UberDad

October 16, 2017 Evan Shapiro No comments exist

A rare evening out with friends recently was interrupted by a request for UberDad services. I explained to my rarely seen friends how the high-tech system works. Teen offspring sends a text to book UberDad to drive teen offspring to a movie. UberDad interrupts rare night out with friends to collect teen offspring and friend. UberDad reminds teen offspring of the essentials; shoes, jacket, keys, wallet, phone. UberDad then delivers teen offspring and friend to cinema and hands over money for movie tickets + cash for the candy bar. For some reason, it costs more to produce a box of popcorn and a wax cup full of soft drink than it does to make a Hollywood blockbuster. It’s also highly likely the teen staff members manning the cinema candy bar and box office have been delivered to work via their UberParents.

Teen offspring and friend watch the movie while I return to hang out with my friends and wait for the inevitable text, booking me for the ride home. Unlike other parts of the share economy, UberParenting is a one-way sharing experience that costs the driver at various points in the journey. Price surging can occur at any stage and drivers should be particularly careful of teen offspring’s destinations as they can directly affect the contents of an UberParents wallet.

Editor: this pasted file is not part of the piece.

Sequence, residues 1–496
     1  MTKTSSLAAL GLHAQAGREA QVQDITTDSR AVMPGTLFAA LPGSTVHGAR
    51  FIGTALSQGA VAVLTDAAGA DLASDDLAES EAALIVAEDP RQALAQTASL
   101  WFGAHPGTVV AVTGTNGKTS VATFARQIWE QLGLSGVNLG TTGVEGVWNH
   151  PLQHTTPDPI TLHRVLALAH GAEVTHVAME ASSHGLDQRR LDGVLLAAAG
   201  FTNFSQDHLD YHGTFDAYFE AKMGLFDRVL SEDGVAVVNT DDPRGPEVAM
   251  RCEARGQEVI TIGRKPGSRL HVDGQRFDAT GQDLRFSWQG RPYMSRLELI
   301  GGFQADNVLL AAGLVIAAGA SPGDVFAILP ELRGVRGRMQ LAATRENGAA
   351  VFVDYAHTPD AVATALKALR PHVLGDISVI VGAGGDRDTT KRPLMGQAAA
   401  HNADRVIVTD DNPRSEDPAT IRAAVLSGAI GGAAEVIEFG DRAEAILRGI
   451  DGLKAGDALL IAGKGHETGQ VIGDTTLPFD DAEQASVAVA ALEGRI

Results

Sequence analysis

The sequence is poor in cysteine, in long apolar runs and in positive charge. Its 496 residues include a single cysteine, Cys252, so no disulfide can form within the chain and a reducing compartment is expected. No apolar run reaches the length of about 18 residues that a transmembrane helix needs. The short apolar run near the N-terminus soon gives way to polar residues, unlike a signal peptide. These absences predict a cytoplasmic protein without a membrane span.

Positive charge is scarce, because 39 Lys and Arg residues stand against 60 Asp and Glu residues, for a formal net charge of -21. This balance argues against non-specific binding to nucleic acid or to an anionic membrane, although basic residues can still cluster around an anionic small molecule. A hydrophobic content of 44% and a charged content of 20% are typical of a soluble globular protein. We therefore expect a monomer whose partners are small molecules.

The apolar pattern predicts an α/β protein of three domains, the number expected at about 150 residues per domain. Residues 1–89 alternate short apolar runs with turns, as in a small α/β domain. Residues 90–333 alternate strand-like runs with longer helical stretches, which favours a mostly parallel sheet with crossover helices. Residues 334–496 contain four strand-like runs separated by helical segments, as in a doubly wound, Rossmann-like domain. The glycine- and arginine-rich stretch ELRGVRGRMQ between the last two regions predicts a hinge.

Driving teen offspring safely from experience to experience is not unlike other aspects of parenting. What we give and what we get back is not measured in dollars. Teen offspring with UberParents are probably lucky we love ‘em. An understanding some teen offspring may well grasp, but it’s much more likely to be something they won’t appreciate until they are literally in the driver’s seat, delivering their own loved ones from place to place. That’s unconditional parental love for you – it’s a seed you plant for a flower you may never see bloom – regardless you must plant it.

* Disclaimer – The author has no association with Uber but does have a long history as a parent taxi. Driving services are limited to family and close friends and as indicated in the story are provided for no financial gain and may actually incur a financial loss. Karma is perhaps a more appropriate measure of these actions, however, humility prevents the author from clarifying further on this point.

Evan Shapiro
Author – Road To Nowhere

Leave a Reply

What do you think?

  Subscribe  
Notify of